The last chapters on the social and political changes set off by the Revolution are his best. I'm not a big fan of the "new history" emphasis on social and economic issues. I think history is mostly about war and politics, in that order. But Professor Wood shows that my prejudice is absurd, that history is history, war and politics can't be separated from culture and money, and that it is all interesting.

He probably doesn't emphasize enough the origin of the problems in the Constitution that led to its ultimate failure in the crisis of 1860. But that is a complicated subject, and he lays a sufficient groundwork for further study of that issue.

The bibiographic essay at the end is superb.

I didn't notice any typos - apparently the publisher has corrected in subsequent printings the "Yorktown, Pennsylvania" error noted by a previous reviewer.

Recommended without reservation.

Note: (April 15, 2007) For a broader view of Gordon Wood's thought I highly recommend the review that recently appeared in the Winter 2006/07 edition of the "Claremont Review of Books", V. VII, #1, pps. 27-30, by Steven F. Hayward, entitled "The Liberal Republicanism of Gordon Wood."

19 of 21 people found the following review helpful.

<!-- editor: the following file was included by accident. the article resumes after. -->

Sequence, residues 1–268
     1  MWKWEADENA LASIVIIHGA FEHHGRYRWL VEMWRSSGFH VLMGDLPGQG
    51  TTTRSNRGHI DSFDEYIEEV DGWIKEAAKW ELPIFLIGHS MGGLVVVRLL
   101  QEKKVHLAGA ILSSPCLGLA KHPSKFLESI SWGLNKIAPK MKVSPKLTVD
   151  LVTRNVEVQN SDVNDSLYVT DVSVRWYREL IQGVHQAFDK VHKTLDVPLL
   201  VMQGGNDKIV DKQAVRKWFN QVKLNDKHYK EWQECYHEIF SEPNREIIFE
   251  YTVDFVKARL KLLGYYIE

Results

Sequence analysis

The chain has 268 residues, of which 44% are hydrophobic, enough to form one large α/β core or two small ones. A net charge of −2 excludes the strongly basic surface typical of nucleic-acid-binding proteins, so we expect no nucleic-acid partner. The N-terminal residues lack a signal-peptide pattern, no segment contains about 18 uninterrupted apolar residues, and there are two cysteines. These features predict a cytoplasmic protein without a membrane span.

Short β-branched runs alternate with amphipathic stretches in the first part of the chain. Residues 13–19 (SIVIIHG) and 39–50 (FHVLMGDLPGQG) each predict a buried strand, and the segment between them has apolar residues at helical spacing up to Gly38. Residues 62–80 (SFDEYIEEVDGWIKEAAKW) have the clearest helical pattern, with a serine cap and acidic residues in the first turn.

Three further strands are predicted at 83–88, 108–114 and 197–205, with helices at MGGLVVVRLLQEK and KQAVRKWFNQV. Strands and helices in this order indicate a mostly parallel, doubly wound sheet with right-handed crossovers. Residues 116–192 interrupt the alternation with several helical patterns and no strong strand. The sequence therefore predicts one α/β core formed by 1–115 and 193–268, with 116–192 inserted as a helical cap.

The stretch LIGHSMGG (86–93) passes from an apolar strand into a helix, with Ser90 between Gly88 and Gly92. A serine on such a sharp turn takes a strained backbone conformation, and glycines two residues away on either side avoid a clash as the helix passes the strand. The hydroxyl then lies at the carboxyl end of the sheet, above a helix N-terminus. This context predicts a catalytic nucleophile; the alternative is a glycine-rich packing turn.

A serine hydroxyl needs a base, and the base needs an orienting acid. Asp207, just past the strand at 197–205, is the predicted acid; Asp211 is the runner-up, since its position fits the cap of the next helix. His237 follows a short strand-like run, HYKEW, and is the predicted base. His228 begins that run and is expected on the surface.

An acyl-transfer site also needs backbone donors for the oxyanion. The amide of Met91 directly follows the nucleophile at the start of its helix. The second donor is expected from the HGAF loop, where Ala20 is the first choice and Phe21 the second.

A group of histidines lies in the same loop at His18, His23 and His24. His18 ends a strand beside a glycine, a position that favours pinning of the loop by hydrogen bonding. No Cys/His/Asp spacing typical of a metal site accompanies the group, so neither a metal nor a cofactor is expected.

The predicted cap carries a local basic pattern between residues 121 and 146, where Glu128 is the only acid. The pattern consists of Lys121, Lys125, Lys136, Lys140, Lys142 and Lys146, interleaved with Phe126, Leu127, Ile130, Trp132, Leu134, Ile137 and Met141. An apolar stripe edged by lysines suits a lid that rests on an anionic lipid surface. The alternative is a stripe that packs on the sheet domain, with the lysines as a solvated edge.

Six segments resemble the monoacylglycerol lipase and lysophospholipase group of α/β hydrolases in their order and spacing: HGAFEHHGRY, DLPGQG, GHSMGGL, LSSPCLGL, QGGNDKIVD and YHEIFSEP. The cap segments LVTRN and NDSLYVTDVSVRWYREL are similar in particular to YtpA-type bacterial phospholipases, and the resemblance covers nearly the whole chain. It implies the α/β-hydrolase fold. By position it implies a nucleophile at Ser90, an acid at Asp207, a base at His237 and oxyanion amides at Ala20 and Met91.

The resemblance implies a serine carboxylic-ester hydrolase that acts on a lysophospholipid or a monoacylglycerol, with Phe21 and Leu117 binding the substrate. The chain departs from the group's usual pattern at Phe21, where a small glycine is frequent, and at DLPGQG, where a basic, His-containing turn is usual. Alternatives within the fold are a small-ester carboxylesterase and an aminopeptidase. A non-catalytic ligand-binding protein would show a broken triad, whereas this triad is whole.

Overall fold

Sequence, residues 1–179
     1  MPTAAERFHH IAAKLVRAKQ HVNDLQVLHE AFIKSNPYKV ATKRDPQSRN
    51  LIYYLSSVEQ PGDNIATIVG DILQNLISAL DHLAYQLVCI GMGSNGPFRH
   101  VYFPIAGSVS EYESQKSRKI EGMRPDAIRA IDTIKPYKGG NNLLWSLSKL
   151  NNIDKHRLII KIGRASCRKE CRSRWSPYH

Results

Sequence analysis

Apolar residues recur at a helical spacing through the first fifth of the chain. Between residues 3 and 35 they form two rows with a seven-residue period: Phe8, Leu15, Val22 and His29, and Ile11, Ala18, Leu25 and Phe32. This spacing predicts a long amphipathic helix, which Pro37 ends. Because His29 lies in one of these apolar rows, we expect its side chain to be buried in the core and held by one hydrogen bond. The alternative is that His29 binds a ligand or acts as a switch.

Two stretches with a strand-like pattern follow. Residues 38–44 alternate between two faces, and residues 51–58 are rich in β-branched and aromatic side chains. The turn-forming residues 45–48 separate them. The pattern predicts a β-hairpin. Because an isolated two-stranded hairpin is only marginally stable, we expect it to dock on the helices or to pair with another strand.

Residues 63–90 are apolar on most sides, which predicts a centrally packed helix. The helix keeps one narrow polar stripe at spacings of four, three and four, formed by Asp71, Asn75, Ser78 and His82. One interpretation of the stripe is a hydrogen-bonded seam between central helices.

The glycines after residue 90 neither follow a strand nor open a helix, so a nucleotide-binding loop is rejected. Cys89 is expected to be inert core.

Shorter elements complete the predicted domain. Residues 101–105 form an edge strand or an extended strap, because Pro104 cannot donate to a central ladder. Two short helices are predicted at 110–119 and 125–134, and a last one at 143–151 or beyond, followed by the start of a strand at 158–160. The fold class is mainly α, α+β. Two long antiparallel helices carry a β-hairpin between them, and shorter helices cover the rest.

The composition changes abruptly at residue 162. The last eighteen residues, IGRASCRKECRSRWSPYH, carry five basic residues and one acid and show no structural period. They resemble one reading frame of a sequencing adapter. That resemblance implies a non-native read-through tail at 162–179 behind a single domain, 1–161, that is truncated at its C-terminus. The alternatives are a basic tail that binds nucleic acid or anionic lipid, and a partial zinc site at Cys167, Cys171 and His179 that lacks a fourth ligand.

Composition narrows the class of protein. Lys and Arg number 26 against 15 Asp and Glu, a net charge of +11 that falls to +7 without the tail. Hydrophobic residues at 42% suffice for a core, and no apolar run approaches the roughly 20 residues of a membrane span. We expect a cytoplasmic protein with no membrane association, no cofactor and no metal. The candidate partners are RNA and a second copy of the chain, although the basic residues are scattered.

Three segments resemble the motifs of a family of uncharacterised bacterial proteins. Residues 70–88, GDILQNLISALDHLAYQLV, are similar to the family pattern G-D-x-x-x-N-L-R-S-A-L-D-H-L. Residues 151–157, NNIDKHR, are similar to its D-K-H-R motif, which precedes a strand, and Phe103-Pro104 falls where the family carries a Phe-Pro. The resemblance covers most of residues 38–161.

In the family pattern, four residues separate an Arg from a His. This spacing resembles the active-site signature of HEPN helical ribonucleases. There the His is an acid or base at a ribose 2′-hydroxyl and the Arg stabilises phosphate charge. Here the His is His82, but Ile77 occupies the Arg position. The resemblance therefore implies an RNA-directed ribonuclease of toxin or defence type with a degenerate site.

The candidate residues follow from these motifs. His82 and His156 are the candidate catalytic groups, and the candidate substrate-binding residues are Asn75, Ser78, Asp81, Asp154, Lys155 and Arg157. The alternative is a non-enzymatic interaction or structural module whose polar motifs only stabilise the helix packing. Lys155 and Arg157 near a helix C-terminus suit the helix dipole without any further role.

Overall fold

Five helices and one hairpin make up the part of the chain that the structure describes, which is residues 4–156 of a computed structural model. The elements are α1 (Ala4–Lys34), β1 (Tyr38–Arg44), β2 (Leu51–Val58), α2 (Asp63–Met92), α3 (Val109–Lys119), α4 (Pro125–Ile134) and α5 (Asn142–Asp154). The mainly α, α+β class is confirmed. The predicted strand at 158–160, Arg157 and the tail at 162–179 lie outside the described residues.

5Amazingly comprehensive given its brief size
By Robert Moore
Gordon S. Wood is one of the deans of scholarship on the American Revolution, and this volume in the Modern Library Chronicles series (each volume dedicated to providing a brief but sound introduction to a specific subject) is the distillation of a lifetime of study of the subject. Although short, this is not a book lacking in content. Some of the reviewers seem to misunderstand the subject: the American Revolution was not primarily a military adventure but an intellectual one. Therefore, the book rightfully dedicates most of its pages to the ideas that drove the revolt against Britain and the formation of a completely original form of government based upon equality and the sovereignty of the people.